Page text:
The DC Universe has God under the name of The Presence, and He is heavily implied to be the Judeo-Christain God. The One-Above-All is never given such implications and is simply stated to be God without any explanation as to which God He is supposed to be. Though if these characters had to be any God the Judeo-Christain God would make sense because in our cultural perception that God is viewed as an entity who is all-powerful, all-knowing, present in all of space, and is ultimately immortal and timeless, and who we can relate to on a personal and moral level in that He judges mortals for their crimes against His laws but chooses to love and save them anyway. That God invokes images of the big guy upstairs, the one above all that everyone eventually and ultimately answers to, the Supreme Being of the universe who created everything and whom no one can be likened onto. Every other religion either has multiple gods that can defeat their head god if they worked together or the entity known as God is too impersonal, God in the sense we are talking of is both personal and has no equal so He works better as a character in a fictional story and He is special because we are filled with that religious and superstitious awe when He is mentioned.
Well, if you want to get really technical, then yes, Cap is right; Stan Lee does not dress like that.
It's funny that you mentioned Stan Lee, because God appeared to Spider-Man as an old man in one comic story. It would be funny if Stan Lee was God in the Marvel Movie continuity.
It would explain why he keeps showing up in all the MCU movies as different people.
"Dr. Banner, put down the scepter."
Why DID Bruce pick up the Scepter, during the argument prior to the attack on the Helicarrier? This is the only thing that boggles me.
I assumed that to be a subtle inclination that Loki was manipulating Banner to bring the Hulk out.
Not just Banner. The way the camera turned the scene upside down with the sceptre in the foreground while everyone screamed at each other in an almost out of character fashion ("You humans are so petty. And tiny!") seemed to imply that the scepter itself was subtly manipulating everyone in the room by heating the already existing tensions to their breaking point. Cap and Tony very nearly came to an all-out fistfight, Thor lost all of his respect for humanity and then immediately regained it after the fight was ended, Banner threatened to turn into the Hulk (subtly threatening to MURDER EVERYONE, etc.) By allowing Black Widow to manipulate him into revealing that the Hulk is the big danger he's planning, Loki set off the chain of events that would result in a confrontation with Banner right there in the room with the sceptre. Banner picking up the sceptre was just an extension of the already homocidal rage he was in (by his own admission, he is always angry), just like Cap goading Tony to "put on the suit" to find out whose dick is bigger.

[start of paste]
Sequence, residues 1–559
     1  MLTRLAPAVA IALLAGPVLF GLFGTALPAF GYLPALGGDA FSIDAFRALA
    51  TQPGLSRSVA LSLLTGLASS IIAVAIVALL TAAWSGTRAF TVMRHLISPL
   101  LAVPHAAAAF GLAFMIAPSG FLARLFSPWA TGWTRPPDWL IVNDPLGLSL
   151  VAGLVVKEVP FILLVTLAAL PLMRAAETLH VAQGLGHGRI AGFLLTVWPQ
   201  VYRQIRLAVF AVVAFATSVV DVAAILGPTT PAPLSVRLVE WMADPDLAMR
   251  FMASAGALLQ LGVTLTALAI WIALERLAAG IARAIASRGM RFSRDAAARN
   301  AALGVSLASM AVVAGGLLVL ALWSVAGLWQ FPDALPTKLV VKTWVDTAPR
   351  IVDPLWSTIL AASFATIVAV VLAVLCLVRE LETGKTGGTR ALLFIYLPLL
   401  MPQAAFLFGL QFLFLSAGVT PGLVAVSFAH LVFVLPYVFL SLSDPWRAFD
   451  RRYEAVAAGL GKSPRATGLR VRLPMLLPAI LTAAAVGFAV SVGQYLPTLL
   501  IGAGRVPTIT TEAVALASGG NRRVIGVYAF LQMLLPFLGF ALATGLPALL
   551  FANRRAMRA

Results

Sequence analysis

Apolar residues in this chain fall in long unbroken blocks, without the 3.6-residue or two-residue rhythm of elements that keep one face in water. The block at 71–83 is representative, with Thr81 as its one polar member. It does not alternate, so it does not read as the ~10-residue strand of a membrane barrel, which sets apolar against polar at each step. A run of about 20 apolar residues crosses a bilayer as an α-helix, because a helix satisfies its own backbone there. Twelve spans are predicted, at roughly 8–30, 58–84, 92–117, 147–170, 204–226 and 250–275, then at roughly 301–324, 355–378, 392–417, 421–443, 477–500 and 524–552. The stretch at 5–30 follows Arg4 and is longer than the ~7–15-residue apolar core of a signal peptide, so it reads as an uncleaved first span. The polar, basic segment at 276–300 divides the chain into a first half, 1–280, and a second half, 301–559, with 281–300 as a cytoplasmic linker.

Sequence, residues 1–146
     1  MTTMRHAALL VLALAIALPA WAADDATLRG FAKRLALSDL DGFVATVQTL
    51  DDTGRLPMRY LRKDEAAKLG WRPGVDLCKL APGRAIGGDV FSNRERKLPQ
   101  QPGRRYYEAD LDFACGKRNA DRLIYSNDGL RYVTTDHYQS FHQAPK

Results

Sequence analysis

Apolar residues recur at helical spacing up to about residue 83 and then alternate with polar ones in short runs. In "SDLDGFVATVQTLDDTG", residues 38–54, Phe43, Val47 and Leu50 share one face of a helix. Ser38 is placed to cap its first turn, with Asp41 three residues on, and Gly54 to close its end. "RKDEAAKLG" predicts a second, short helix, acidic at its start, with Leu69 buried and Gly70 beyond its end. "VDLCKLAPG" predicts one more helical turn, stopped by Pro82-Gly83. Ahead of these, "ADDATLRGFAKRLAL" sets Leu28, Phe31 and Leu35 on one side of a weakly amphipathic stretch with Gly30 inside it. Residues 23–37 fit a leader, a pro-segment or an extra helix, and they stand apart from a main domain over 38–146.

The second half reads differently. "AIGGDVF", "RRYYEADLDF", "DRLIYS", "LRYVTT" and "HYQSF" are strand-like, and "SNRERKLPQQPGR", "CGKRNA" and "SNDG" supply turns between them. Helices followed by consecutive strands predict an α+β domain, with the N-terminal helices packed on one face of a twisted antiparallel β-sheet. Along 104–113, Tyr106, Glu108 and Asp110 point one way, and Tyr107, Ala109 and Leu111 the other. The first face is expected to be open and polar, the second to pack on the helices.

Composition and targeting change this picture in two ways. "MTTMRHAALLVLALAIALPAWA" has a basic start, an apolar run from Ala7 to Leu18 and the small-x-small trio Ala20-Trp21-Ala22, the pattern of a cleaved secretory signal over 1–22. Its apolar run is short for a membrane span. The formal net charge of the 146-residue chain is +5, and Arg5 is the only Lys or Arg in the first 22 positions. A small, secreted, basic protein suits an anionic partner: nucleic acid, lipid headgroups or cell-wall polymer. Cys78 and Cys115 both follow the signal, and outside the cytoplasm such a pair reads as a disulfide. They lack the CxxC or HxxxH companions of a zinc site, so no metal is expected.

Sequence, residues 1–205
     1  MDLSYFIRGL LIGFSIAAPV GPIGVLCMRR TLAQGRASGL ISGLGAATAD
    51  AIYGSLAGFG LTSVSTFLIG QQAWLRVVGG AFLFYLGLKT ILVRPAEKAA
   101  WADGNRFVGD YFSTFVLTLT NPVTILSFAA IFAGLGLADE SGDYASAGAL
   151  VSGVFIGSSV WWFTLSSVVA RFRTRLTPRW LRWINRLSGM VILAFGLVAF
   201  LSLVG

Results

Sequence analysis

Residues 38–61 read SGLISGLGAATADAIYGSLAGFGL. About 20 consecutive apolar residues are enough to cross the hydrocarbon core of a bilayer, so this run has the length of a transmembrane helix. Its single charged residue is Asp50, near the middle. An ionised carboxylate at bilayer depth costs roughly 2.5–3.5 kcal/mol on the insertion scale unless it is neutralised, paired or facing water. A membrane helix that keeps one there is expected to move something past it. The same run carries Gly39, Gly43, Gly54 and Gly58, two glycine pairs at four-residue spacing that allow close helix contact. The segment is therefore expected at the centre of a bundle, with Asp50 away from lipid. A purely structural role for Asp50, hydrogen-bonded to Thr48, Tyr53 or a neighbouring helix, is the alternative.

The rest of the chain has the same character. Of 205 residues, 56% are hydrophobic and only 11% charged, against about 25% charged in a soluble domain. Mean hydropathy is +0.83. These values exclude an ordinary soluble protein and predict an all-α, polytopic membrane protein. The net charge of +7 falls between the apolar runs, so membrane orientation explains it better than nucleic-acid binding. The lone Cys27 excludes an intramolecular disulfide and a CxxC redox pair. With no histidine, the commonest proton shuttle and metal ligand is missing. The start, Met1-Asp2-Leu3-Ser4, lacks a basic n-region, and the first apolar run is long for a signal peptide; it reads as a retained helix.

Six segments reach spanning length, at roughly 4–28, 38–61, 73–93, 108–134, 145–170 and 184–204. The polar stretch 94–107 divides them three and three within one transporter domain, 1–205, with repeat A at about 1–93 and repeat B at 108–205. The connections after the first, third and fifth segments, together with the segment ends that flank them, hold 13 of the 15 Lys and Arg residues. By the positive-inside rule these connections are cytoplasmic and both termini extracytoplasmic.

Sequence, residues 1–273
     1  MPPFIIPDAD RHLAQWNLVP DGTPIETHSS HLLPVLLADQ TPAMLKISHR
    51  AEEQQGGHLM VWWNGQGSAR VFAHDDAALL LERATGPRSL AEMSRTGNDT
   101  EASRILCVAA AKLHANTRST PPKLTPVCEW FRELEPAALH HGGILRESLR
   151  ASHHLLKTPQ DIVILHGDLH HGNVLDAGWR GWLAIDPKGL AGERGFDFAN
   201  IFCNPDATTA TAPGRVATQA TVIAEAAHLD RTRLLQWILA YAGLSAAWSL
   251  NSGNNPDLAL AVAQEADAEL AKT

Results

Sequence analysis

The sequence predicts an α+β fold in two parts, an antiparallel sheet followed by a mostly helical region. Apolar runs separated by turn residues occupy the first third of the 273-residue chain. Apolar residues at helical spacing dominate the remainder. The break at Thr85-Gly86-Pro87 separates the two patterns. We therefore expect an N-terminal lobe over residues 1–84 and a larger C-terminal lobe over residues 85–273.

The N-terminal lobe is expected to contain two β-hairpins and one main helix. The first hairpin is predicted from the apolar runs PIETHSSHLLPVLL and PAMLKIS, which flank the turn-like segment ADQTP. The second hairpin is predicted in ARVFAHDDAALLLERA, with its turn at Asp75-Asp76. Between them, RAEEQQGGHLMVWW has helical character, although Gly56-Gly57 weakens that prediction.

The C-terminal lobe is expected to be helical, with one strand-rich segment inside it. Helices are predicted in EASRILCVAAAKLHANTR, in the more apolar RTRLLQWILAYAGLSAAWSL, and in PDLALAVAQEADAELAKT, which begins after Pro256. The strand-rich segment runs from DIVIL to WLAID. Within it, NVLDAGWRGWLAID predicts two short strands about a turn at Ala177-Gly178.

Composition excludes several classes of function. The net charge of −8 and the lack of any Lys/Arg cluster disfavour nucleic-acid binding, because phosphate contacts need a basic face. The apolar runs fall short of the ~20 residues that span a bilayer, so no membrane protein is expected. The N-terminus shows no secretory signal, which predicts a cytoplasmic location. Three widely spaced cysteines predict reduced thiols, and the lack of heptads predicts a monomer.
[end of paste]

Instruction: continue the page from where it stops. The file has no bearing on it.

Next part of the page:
When the Scepter touches someone's chest, it can almost completely override their brain. It makes comic book sense that it would be able to subtly manipulate people in its immediate vicinity as a secondary effect.
You can see the scepter having an obvious effect on a few of the characters if you look closely. Stark is wiping his face and opening his mouth like he's both exhausted and feeling a hell of a headache. Thor's eyes are squinting when he makes the "puny and tiny" remark. You can also see the moment when Banner grabs the scepter, when he turns his body slightly and his arm moves a bit, right before Fury and Natasha both unclip their sidearms.
Actually, while it looks like the sceptre is influencing them, its not totally clear and it could be that the camera is focusing on it just to emphasize that Loki is using it for something (namely, for his men to lock-on to the Helicarrier). Banner grabbing it might just be a sign that he is on the verge of Hulking-out (which is why everyone around him freaks out...well, another reason they freak out). Given how quickly everyone gets over their issues, and that none of them ever assume that the sceptre had been affecting them....at the very least, its ambiguous enough that it could be either.
The Widow's Bite
Someone mentioned Black Widow's gauntlets as an example of Hydra-based weaponry...what, exactly, do they do? We see them powering up with all these blue lights, but she seems to mainly use firearms or hand-to-hand combat throughout the fight. So what gives? Do they boost her punching power? Tasers?